Thyrotoxicosis increases endogenous glucose production (EGP) and induces hepatic insulin resistance. We have recently shown that these alterations can be modulated by selective hepatic sympathetic and parasympathetic denervation, pointing to neurally mediated effects of thyroid hormone on glucose metabolism. Here, we investigated the effects of central triiodothyronine (T(3)) administration on EGP. We used stable isotope dilution to measure EGP before and after i.c.v. bolus infusion of T(3) or vehicle in euthyroid rats. To study the role of hypothalamic preautonomic neurons, bilateral T(3) microdialysis in the paraventricular nucleus (PVN) was performed for 2 h. Finally, we combined T(3) microdialysis in the PVN with selective hepatic sympathetic denervation to delineate the involvement of the sympathetic nervous system in the observed metabolic alterations. T(3) microdialysis in the PVN increased EGP by 11 +/- 4% (P = 0.020), while EGP decreased by 5 +/- 8% (ns) in vehicle-treated rats (T(3) vs. Veh, P = 0.030). Plasma glucose increased by 29 +/- 5% (P = 0.0001) after T(3) microdialysis versus 8 +/- 3% in vehicle-treated rats (T(3) vs. Veh, P = 0.003). Similar effects were observed after i.c.v. T(3) administration. Effects of PVN T(3) microdialysis were independent of plasma T(3), insulin, glucagon, and corticosterone. However, selective hepatic sympathectomy completely prevented the effect of T(3) microdialysis on EGP. We conclude that stimulation of T(3)-sensitive neurons in the PVN of euthyroid rats increases EGP via sympathetic projections to the liver, independently of circulating glucoregulatory hormones. This represents a unique central pathway for modulation of hepatic glucose metabolism by thyroid hormone.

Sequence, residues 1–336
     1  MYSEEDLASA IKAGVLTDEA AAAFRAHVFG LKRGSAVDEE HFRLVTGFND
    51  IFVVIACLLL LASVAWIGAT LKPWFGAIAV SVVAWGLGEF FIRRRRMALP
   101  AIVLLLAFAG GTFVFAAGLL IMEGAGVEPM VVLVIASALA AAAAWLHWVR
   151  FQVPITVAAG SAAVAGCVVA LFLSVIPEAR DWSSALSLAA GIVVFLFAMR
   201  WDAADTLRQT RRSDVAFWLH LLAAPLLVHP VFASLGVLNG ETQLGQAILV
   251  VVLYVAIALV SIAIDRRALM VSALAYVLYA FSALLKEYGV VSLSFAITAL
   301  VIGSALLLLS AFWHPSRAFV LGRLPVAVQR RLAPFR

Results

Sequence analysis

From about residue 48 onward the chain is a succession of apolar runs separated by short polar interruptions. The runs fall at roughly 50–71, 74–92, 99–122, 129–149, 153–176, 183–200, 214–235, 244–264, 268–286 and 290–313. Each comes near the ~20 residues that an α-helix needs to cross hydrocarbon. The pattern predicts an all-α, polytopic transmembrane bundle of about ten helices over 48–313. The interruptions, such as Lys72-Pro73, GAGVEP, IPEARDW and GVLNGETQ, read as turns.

|Journal||Proceedings of the National Academy of Sciences of the United States of America|
|Publication status||Published - 1 Jan 2009|